We lived between nappies and traffic jams, mobile phones, and a small stretch of green we called our own, which we rarely saw in the daylight. We reminded each other of garbage collection schedules, the child carers’ names, and which jabs Mia had had. We attended dinner parties, pulling threads from our clothing, pushing our hair into place, smelling of the contents of bottles that still line our bathroom cabinet, and wondering if this was really how we wanted to spend our free time.
And we were still, there was no doubting it, the privileged.
Christy Collins‘ Viva La Novella winner The End of Seeing is just 190 pages long but it took me an eternity to read. It is so beautiful and so, so painful that I had to take it in small doses. Read a few short passages, put it down, shake my head to clear the lump in my throat, and return to the sunlight for a moment.
The protagonist, Ana, is grieving. She is grieving the loss of her daughter Mia and on its heels the disappearance of her partner Nick. Her family and friends tell her to give up waiting. They bury an empty coffin. And she goes home to the empty house in the suburbs they moved to to give Mia some space, desperate for a life that had room for them, though it was never the life they planned.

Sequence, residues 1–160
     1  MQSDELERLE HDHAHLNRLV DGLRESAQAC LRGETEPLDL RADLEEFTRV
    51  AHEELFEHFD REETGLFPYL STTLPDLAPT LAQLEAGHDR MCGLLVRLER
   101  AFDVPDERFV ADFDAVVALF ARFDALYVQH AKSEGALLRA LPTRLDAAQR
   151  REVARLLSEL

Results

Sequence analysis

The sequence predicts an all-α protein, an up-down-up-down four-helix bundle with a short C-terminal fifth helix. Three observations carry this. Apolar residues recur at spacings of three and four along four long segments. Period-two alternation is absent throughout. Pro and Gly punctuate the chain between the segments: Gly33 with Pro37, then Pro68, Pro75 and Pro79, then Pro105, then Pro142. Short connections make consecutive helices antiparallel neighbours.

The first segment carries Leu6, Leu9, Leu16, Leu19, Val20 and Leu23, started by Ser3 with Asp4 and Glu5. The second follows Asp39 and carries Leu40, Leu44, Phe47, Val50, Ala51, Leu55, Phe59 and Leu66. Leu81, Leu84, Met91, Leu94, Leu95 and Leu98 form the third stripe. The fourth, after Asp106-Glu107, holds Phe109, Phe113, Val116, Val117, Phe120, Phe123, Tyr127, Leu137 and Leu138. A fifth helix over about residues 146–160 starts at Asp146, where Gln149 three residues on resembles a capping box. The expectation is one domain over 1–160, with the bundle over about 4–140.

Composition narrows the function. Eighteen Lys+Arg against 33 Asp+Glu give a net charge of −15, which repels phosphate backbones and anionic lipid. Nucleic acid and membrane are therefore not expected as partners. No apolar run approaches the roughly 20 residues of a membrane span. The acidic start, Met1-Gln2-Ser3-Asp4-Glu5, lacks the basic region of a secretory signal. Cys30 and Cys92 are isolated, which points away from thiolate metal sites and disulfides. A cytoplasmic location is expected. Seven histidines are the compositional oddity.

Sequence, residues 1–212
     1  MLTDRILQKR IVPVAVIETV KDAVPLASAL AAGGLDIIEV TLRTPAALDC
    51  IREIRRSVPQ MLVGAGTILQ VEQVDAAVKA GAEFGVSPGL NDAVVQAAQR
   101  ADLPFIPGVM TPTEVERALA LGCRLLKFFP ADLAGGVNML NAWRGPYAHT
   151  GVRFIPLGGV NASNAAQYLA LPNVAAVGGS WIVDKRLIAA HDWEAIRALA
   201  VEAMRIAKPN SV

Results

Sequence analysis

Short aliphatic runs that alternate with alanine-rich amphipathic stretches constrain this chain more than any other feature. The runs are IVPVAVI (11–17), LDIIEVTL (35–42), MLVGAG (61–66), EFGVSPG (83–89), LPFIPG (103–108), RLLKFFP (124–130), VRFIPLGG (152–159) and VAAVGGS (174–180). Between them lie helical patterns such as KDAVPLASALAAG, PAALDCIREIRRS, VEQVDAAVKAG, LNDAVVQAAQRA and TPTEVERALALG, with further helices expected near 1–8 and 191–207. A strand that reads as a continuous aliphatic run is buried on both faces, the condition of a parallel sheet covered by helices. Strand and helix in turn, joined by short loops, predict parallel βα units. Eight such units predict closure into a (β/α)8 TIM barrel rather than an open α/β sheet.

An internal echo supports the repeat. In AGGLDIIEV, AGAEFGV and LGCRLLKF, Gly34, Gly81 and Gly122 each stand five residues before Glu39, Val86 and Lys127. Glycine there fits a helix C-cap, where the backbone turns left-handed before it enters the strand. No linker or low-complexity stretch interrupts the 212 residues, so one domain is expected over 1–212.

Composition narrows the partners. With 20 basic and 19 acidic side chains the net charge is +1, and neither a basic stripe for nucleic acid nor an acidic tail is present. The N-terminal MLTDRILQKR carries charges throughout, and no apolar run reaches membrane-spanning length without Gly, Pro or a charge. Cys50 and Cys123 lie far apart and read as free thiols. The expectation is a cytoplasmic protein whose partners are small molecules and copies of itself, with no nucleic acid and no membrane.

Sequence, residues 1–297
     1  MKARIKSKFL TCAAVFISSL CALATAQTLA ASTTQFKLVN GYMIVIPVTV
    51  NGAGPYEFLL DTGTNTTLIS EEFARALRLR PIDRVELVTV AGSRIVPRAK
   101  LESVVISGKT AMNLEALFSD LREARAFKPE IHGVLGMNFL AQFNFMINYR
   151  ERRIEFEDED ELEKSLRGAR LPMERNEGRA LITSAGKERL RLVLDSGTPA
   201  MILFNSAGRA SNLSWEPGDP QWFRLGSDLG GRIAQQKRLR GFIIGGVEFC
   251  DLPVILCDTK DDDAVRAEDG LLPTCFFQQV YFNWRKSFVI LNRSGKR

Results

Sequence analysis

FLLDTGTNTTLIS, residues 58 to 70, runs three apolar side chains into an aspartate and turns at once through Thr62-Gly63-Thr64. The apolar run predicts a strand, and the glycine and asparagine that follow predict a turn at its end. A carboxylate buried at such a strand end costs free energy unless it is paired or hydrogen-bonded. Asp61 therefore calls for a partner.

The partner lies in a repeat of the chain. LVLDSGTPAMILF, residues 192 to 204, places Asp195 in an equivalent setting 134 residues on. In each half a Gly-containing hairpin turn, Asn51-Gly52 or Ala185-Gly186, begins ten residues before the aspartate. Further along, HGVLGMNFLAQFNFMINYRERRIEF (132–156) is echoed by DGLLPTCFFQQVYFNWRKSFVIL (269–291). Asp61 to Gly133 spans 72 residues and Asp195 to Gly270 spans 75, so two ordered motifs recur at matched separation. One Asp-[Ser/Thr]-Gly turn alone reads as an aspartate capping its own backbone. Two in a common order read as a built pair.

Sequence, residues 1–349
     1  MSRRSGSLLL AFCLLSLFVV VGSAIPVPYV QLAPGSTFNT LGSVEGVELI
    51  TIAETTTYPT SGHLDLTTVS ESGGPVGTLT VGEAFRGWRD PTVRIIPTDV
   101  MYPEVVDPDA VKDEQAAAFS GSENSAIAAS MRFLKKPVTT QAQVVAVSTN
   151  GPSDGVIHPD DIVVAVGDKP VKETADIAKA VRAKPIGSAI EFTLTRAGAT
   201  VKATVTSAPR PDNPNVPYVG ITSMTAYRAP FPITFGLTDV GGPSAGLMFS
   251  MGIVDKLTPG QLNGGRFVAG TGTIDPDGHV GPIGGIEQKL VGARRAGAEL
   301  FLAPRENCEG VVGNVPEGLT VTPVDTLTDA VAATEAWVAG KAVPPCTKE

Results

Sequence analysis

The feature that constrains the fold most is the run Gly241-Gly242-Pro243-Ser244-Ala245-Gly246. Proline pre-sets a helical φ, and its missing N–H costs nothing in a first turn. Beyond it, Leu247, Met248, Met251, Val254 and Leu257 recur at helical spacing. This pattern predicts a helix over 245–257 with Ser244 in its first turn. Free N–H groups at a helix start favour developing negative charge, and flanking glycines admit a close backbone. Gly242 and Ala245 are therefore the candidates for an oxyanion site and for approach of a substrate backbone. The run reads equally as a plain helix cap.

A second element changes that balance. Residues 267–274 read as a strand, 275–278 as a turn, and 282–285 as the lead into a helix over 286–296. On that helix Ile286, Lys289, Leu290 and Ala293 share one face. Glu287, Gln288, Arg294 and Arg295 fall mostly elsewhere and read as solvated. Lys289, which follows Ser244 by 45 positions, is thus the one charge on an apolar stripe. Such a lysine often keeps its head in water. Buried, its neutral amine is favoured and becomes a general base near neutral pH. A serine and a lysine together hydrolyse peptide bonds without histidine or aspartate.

Nick was drowned, it is assumed, when a leaky boat full of asylum seekers went down in the Mediterranean. Ana cannot let go of this end, she cannot believe he was on that boat. She goes to Europe to follow him, she has print outs of his black and white images, and traces the trail of his last photojournalism assignment. The big one. The one that meant something. And the one that eventually got Nick disappeared.
From the shores of the Mediterranean to the hotel laundries, brothels and cramped apartments, this is a story of a flood of people with nowhere to go, with no hope, with nothing but a series of bad options. And it’s about the forces that would rather their stories weren’t told. Ana’s grief is tangible, it leaps off the page and threatens to crush you, it grows from the singular grief for two lost loved ones, to a wide ranging grief for the world, for the life she leads, for the lives of others who are lost, lost, lost. I wanted to write to Collins after I finished this book, which took me nearly a month to read, rather than the half hour its length suggests. I wanted to say “Christy, you hurt me. And it was just what I needed. It was perfect.”
It’s not just an emotional punch lurking within these pages. This is a novella that seems important in a global, the time is now, kind of way. But it’s a painting, a sonnet, not a protest march. Or perhaps it’s both. Please read this.
The End of Seeing, Christy Collins: five stars.
Read it because: it might change you forever.